Morocco’s Efforts to Fight Discrimination Highlighted in Geneva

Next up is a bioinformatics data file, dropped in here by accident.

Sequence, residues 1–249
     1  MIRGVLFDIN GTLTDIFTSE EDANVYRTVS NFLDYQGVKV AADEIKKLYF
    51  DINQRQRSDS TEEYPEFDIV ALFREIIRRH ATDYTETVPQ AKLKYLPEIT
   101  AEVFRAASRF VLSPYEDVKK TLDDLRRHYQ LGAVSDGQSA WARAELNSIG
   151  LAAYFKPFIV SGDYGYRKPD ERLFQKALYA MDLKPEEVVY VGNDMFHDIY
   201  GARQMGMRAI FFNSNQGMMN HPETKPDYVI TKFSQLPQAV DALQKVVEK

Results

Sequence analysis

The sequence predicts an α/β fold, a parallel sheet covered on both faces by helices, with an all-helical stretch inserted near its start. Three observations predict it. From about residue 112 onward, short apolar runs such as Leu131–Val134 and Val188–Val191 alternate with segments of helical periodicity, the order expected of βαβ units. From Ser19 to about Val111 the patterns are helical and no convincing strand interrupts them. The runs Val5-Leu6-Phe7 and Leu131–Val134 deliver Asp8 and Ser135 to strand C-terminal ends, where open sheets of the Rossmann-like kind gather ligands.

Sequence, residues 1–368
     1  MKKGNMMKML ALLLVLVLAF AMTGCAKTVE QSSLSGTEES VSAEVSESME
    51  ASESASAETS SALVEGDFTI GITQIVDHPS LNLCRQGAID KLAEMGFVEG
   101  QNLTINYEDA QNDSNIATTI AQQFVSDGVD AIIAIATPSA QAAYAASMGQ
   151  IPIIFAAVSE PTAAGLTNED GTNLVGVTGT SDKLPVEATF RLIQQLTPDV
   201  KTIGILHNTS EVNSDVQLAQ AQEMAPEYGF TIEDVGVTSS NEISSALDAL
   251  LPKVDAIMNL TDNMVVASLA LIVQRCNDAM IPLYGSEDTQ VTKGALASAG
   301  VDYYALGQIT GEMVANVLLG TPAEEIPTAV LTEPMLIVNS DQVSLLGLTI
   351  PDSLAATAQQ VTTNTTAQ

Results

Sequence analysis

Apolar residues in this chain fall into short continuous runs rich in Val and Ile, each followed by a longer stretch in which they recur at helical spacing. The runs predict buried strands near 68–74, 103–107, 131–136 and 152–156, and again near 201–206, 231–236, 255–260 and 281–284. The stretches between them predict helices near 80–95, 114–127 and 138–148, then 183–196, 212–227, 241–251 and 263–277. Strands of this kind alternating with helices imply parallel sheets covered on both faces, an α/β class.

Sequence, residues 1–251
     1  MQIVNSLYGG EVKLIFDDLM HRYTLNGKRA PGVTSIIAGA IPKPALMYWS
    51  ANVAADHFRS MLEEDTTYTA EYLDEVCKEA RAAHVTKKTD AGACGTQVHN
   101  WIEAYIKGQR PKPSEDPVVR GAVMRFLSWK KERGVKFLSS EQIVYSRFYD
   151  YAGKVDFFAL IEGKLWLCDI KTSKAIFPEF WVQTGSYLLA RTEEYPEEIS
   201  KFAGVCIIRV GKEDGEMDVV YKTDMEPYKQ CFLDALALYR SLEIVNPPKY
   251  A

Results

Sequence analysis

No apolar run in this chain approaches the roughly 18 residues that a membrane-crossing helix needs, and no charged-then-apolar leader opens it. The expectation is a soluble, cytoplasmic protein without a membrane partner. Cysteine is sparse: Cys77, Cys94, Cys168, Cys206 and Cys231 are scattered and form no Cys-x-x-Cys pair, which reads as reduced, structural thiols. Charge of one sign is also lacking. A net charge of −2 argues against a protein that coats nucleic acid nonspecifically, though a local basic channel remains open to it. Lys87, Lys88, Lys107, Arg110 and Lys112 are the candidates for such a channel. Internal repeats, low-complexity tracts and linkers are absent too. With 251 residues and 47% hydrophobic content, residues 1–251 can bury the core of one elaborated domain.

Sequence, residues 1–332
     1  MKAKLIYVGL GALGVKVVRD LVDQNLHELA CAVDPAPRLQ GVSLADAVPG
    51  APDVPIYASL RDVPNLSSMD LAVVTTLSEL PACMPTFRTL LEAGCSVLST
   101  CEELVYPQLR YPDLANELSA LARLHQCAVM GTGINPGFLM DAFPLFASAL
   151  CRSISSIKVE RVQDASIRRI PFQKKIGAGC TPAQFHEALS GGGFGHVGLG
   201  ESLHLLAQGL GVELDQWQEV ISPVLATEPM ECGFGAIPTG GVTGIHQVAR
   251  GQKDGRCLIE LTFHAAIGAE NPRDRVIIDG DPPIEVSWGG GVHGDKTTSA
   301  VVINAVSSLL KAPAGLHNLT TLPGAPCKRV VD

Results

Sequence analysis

Justice Minister Abdellatif Ouahbi reiterated, Wednesday in Geneva, Morocco’s concern to combat various forms of racial discrimination and to enshrine the values of equality and cultural pluralism in the legal text and social reality. Addressing the 111th session of the Committee on the Elimination of Racial Discrimination on the occasion of the combined examination of the 19th to 21st periodic reports on the implementation of the International Convention on the Elimination of All Forms of Racial Discrimination, Ouahbi noted that the Moroccan Constitution of 2011 has enshrined the harmonious blend of national identity tributaries and universal values. It also recognizes cultural and linguistic diversity as a social reality. The Constitution, he added, established the frame of reference relating to the prohibition and combating of all forms of discrimination, acknowledging equality between Moroccan citizens and foreign residents, and the expansion of economic, social, cultural, and environmental rights. Highlighting the Kingdom’s position as a forum for African, Eastern, and Mediterranean intercultural exchange and a homeland for the values of openness, moderation, tolerance, dialogue, and mutual understanding, the Minister noted that this privilege has been established thanks to the depth of the historical and central position of the institution of “Imarat al Mouminine” (Command of the Faithful), in its symbolic, spiritual, and functional dimensions, as a safeguard and fundamental pillar for the protection of the rights and freedoms granted under the Constitution and international obligations. The Minister also underlined the special status of the Hebrew component and the freedom with which Christians practice their religion, describing it as a model of coexistence and intercultural exchange between the various components of Moroccan society and a tangible proof of the state’s general orientation towards guaranteeing freedom of worship based on the values of tolerance, coexistence, and dialogue. On the cultural side, Ouahbi noted that the Kingdom has adopted a new and integrated cultural policy aiming to value the material and immaterial national cultural capital, rehabilitate public cultural facilities, ensure proximity and improved access, create structured cultural projects, and encourage pluralistic cultural production. In this regard, he underlined the adoption and implementation of the regulatory law on the official character of the Amazigh language and its integration into education and various priority sectors of public life. The Kingdom has also paid close attention to the preservation and enhancement of Hassani culture and heritage through the launch of qualitative projects as part of the implementation of the development model specific to the southern provinces, said the Minister. He mentioned in that regard the organization of cultural festivals, support for cultural projects and associations, and the activities of the Center for Hassani Studies and Research. In the same vein, the Ouahbi reviewed efforts to preserve, enhance, and protect the Hebraic tributary of Moroccan cultural heritage through the implementation of restoration and rehabilitation projects in several Moroccan Jewish neighborhoods and spaces, the integration of Moroccan Jewish culture and history into teaching programs from the earliest levels of education, the creation of centers of memory and museums of Jewish culture, and the implementation of programs to enhance the value of Jewish intangible cultural heritage in the handicrafts industry. The members of the Moroccan delegation interacted with various questions and comments from the members of the UN committee in the presence of Morocco’s Ambassador and Permanent Representative in Geneva, Omar Zniber, and the Secretary General of the Interministerial Delegation for Human Rights (DIDH), Abdelkarim Boujradi. They also highlighted the Kingdom’s multi-sectoral efforts and policies to combat various forms of racial discrimination, particularly in vital sectors such as the judiciary, national security, education, immigration, and the media.